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Roman Catholic crusading in ten years of Triumph, 1966-1976: A history of a lay-directed, radical Catholic journal

Popowski, Mark David
Scope and Method of Study: The purpose of this study was to explicate the Roman Catholic views of Triumph, a lay-directed Catholic journal. The principal source was the journal. In addition, the research was dependent upon interviews, books published by the editors, papal encyclicals, Vatican Council II documents, and two special collections. The primary research was complimented by extensive secondary research.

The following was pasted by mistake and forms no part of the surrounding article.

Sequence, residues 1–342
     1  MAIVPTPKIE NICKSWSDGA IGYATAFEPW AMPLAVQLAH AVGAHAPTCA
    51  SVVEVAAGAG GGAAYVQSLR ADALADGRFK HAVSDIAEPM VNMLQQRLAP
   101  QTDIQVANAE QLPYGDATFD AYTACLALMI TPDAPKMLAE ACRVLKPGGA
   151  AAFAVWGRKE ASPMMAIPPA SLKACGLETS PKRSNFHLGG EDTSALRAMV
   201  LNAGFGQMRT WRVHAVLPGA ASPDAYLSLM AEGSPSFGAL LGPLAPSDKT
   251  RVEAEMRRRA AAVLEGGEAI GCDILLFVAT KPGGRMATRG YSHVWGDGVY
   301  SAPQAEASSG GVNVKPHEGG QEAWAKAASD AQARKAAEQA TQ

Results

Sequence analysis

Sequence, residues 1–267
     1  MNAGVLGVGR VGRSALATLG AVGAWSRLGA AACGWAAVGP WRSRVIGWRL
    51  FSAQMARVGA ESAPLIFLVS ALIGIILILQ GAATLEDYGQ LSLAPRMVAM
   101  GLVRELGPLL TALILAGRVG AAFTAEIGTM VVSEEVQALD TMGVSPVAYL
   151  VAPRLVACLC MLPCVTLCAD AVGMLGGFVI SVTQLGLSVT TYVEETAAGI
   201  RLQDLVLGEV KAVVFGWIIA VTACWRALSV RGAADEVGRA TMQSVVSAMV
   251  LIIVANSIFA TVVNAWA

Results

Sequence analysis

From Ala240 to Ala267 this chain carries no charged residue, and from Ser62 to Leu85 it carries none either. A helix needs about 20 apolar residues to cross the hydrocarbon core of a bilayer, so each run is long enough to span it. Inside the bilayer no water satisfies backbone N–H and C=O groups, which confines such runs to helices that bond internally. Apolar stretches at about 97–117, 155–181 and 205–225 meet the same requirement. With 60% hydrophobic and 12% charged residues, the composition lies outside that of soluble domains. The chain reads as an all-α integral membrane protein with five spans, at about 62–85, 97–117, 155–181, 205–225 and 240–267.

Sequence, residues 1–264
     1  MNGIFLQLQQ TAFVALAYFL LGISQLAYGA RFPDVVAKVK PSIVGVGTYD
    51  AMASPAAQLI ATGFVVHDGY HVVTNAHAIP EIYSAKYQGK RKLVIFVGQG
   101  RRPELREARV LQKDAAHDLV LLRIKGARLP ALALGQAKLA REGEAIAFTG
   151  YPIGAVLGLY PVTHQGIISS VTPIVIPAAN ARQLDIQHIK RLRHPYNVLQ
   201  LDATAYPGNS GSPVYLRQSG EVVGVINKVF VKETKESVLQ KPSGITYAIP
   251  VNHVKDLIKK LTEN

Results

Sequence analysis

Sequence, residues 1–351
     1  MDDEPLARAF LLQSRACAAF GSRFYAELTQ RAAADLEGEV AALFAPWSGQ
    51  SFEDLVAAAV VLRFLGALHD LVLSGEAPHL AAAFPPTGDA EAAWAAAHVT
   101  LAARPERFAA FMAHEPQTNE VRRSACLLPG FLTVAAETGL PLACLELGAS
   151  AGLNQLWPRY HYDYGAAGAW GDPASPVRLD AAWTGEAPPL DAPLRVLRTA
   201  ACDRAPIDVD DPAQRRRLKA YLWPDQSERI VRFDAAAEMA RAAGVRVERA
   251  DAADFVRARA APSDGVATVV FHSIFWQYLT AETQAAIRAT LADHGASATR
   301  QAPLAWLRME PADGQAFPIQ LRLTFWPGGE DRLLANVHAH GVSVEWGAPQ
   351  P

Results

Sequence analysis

Findings and Conclusions: The purpose of Triumph 's editors was to convert America to the Roman Catholic faith and construct a confessional state. That is, they wanted to subject the public order to the authority of Christ's vicar, the pope. They believed that the American political order--because it gave authority to the people, rather than Christ, and separated Church and state--was an inherently secular and relativist order, and thus, was an obstacle to virtue. The confessional state, in contrast, aided virtue and thereby promoted the salvation of its members. The confessional state, they noted, was an act of love. The thesis of this dissertation is that Triumph 's editors were radical. Their views--essentially calling for a regime change--were militant and extraordinary in the context of late twentieth-century America. Two sub-theses of this dissertation are that the editors did more than sustain a journal, but actually founded a movement dedicated to their radical goals, and that the journal, despite its sectarian views, was important. Their views and actions exhibited the tension that is to exist, supposedly, between the Roman Catholic Church and the modern pluralist and secular state. Catholics have dual citizenship, to the Church of Rome and to their country. The obligations to the former, the Church teaches, supersede the latter when their interests conflict. A Catholic revival in America, rooted in such a tension, could rightly be traced to Triumph.